What is Advil
is in a class of drugs called nonsteroidal anti-inflammatory
drugs (NSAIDs). Advil works by reducing hormones that cause
inflammation and pain in the body.
is used to reduce the fever, pain, inflammation, and stiffness
caused by many conditions, such as osteoarthritis, rheumatoid
arthritis, and abdominal cramps associated with menstruation.
may also be used for purposes other than those listed in this
General medical information about Advil
Take Advil with food, milk, or an antacid to lessen
Watch for bloody, black, or tarry stools
or blood in the vomit. These symptoms could indicate damage
to the gastrointestinal tract.
If you drink more than
three alcoholic beverages a day, Advil may increase the risk
of stomach bleeding.
Who should not take Advil Before taking this medication, tell your doctor if
- have an allergy to aspirin or any other NSAIDs,
- have an ulcer or bleeding in the stomach,
drink more than three alcoholic beverages a day,
have liver or kidney disease,
- have a coagulation
(bleeding or blood clotting) disorder,
- have congestive
- have fluid retention,
heart disease, or
- have high blood pressure.
You may not be able to take Advil, or you may require a
dosage adjustment or special monitoring during treatment
if you have any of the conditions listed above.
is not known whether Advil will harm an unborn baby. Advil
should not be taken late in pregnancy (the third trimester)
because a similar drug is known to affect the baby's heart.
Do not take Advil without first talking to your doctor if
you are pregnant.
Advil passes into breast milk in
very small amounts, however it is not expected to harm a
nursing baby. Talk to your doctor before taking Advil if
you are breast-feeding.
How should take Advil Take Advil exactly as directed by your doctor. If
you do not understand these directions, ask your pharmacist,
nurse, or doctor to explain them to you
each dose with a full glass of water.
Take Advil with
food, milk, or an antacid to lessen stomach upset.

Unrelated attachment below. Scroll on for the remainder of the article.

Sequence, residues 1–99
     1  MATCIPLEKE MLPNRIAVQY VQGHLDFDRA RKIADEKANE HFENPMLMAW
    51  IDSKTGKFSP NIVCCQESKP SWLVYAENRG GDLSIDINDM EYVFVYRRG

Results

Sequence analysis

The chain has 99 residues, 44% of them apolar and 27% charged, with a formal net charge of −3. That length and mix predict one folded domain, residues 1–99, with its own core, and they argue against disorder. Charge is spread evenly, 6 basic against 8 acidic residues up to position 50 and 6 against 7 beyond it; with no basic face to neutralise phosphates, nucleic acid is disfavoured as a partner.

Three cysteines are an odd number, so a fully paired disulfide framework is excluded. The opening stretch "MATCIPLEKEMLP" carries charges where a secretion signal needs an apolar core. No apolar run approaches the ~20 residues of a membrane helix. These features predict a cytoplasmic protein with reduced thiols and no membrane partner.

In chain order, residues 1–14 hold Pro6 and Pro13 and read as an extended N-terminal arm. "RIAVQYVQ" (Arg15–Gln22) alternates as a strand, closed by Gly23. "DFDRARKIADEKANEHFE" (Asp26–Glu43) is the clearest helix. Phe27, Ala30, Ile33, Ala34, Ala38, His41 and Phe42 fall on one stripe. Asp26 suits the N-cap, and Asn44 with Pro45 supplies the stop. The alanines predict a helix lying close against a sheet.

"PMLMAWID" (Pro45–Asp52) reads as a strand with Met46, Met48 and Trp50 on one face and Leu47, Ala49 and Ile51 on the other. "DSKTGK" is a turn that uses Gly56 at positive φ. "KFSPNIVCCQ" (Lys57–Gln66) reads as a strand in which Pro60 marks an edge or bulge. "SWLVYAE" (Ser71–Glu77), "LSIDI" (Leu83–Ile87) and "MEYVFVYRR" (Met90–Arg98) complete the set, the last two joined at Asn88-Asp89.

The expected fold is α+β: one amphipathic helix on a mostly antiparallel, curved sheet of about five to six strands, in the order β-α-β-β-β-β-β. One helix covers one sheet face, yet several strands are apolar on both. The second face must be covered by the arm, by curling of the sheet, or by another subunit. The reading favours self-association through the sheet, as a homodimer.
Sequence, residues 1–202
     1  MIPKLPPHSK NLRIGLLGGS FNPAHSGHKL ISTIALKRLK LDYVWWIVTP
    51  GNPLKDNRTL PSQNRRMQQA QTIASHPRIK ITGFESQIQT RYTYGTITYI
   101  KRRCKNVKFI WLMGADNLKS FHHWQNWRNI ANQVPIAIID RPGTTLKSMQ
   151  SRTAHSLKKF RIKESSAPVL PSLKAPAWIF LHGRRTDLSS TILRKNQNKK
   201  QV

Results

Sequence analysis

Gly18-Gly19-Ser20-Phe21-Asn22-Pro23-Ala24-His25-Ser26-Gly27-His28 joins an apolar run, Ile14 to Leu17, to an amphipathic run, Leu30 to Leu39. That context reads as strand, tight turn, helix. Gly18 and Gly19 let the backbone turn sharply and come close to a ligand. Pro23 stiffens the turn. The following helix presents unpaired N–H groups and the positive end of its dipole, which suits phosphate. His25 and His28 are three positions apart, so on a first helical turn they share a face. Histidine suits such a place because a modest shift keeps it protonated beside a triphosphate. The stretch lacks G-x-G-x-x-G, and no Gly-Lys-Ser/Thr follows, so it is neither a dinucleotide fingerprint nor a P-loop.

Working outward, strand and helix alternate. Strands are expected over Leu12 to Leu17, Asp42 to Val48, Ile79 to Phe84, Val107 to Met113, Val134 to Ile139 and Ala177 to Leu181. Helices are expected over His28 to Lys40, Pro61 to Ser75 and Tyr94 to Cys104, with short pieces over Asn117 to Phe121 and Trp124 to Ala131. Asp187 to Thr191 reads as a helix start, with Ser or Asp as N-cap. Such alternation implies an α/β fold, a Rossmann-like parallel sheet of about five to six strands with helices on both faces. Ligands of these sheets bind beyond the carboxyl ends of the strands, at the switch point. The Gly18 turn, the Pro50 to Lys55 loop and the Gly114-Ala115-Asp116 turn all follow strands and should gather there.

Advil at room temperature away from moisture and heat.
If you miss a dose: Take the missed dose as soon as you remember up to
2 hours late. If more than 2 hours have passed since the
missed dose, skip it and take only the next regularly scheduled
dose. Do not take a double dose.
What happens if you overdose: Seek emergency medical attention.
of a Advil overdose include nausea, vomiting or stomach
pain, dizziness, drowsiness, headache, ringing in the ears,
blurred vision, seizures, sweating, numbness or tingling,
little or no urine production, and slow breathing.
Avoid while taking Advil Avoid prolonged exposure to sunlight. Advil may increase
the sensitivity of the skin to sunlight. Use a sunscreen
and wear protective clothing when exposure to the sun is
you drink more than three alcoholic beverages a day, Advil
may increase the risk of stomach bleeding.
Possible side effects of Advil If you experience any of the following serious side
effects, stop taking Advil and seek medical treatment or
call your doctor immediately:
- an allergic reaction
(difficulty breathing; closing of your throat; swelling
of your lips, tongue, or face; or hives);
cramps, numbness, or tingling;
- ulcers (open sores)
in the mouth;
- rapid weight gain (fluid retention);
- black, bloody, or tarry stools;
- blood in your urine or vomit;
hearing or ringing in the ears;
- jaundice (yellowing
of the skin or eyes); or
- abdominal cramping, indigestion,
Other, less serious side effects may
be more likely to occur. Continue to take Advil and talk
to your doctor if you experience
- dizziness or headache;
- nausea, gaseousness, diarrhea, or constipation;
- fatigue or weakness;
dry mouth; or
- irregular menstrual periods.
Side effects other than those listed here may also occur.
Talk to your doctor about any side effect that seems unusual
or that is especially bothersome.
What other drugs will affect Advil Other prescription and over-the-counter drugs may
increase the effects of Advil and cause dangerous side effects.
Tell your doctor if you are taking any of the following
- another nonsteroidal anti-inflammatory drug
(NSAID) such as ketoprofen (Orudis, Orudis KT, Oruvail),
naproxen (Naprosyn, Aleve, Anaprox), diclofenac (Voltaren,
Cataflam), etodolac (Lodine), fenoprofen (Nalfon), flurbiprofen
(Ansaid), indomethacin (Indocin), ketorolac (Toradol), nabumetone
(Relafen), oxaprozin (Daypro), piroxicam (Feldene), sulindac
(Clinoril), or tolmetin (Tolectin);
- aspirin or
another salicylate (form of aspirin) such as salsalate (Disalcid),
choline salicylate, and magnesium salicylate;
diuretic (water pill) such as hydrochlorothiazide (HCTZ,
HydroDiuril, others), chlorothiazide (Diuril, others), chlorthalidone
(Thalitone), bumetanide (Bumex), ethacrynic acid (Edecrin),
furosemide (Lasix), spironolactone (Aldactone), and amiloride
- an anticoagulant such as warfarin (Coumadin);
- a steroid such as prednisone (Deltasone);
an oral diabetes medication such as glipizide (Glucotrol)
or glyburide (Micronase, Diabeta); or
- lithium (Eskalith,
Talk to your doctor before taking
Advil if you are taking any other medicines, especially
any of the ones listed above.
other than those listed here may also interact with Advil.
Talk to your doctor and pharmacist before taking any prescription
or over-the-counter medicines, including herbal products.